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Customers are changing — are you?

Written by Alida

Published October 06, 2022

It’s no secret that customers are capricious. However, as we navigate an era of change, it’s easy to feel like this is the most volatile period in business history.

But that’s not necessarily true.

The reality is that customers have been evolving for as long as the idea of a “customer” has existed. In fact, you’ve probably let some of these changes guide your own business choices, even if you didn’t realize that’s what was happening.

Today, we’re taking a closer look at what that means, and how shifting purchase behaviors can be your guiding light.


Evolution is nothing new

Ask anyone for an example of big changes in the business world and they’re likely to point fingers at the COVID-19 pandemic. Of course, they’re not wrong. COVID-19 changed the way we do just about everything—but it’s not the first time we’ve transformed in response to something new.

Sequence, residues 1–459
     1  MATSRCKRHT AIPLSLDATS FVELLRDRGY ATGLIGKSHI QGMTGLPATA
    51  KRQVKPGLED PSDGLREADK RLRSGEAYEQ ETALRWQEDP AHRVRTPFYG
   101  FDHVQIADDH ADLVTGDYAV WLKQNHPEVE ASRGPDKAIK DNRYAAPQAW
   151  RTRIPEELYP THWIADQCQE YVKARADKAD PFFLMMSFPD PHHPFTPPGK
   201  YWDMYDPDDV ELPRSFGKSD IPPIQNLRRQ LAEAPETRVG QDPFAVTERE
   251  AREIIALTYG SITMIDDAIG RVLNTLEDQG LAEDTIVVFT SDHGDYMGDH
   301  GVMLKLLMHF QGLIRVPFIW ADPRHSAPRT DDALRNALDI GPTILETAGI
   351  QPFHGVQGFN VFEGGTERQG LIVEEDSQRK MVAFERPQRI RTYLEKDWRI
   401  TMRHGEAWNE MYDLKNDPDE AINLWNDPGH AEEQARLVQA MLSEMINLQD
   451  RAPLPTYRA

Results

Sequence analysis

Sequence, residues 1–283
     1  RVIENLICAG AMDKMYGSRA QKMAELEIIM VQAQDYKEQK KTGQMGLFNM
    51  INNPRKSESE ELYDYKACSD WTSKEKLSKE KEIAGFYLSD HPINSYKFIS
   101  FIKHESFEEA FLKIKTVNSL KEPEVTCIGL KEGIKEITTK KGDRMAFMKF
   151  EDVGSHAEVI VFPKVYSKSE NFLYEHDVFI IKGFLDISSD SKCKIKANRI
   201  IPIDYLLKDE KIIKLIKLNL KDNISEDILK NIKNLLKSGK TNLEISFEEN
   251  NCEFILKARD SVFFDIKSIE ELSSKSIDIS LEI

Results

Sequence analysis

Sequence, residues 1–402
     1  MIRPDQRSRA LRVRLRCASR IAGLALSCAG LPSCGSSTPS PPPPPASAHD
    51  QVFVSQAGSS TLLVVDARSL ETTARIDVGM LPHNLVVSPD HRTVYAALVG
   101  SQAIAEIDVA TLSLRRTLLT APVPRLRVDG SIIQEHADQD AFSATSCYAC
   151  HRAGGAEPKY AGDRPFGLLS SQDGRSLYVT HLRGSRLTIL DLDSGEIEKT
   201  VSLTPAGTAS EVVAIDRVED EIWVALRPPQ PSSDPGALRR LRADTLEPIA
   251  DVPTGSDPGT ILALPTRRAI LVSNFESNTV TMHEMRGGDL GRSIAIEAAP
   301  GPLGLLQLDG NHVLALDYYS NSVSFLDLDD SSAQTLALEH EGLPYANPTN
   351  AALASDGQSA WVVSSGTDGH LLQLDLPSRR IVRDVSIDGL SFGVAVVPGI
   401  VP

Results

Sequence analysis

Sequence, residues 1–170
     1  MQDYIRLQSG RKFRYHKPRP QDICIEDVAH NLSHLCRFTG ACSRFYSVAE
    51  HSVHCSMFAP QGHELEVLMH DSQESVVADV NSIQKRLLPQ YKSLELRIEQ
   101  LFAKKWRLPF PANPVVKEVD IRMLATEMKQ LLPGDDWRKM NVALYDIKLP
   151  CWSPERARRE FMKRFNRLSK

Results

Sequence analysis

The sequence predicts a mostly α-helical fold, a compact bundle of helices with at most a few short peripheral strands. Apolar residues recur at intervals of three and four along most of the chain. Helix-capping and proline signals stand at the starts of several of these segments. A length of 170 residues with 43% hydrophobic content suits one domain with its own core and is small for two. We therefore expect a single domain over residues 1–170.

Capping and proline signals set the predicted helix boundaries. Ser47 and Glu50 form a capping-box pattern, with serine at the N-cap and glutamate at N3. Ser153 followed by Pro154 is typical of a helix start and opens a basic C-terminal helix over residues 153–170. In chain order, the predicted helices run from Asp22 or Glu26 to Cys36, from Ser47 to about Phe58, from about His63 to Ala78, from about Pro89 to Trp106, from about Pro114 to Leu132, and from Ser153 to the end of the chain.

Consider the very first person to say “you can buy stuff on my website!” (If you’re curious, the New York Times reported on this event back in 1994: The purchased item was a CD of Sting’s “Ten Summoner’s Tales,” and it went for $12.48.) For a society that still viewed digitized purchases as a product of science fiction, this was unprecedented—a fad that was likely to blow over because it was so different from the way we’d always done things.

Of course, that’s not what happened.

Although this wasn’t the first time purchasing behaviors shifted, this event did start a chain reaction that led us to the present day, a time in which COVID-19 has taken over as the next big catalyst. Just as companies adapted to website sales back then, they’re adapted to pandemic-related changes.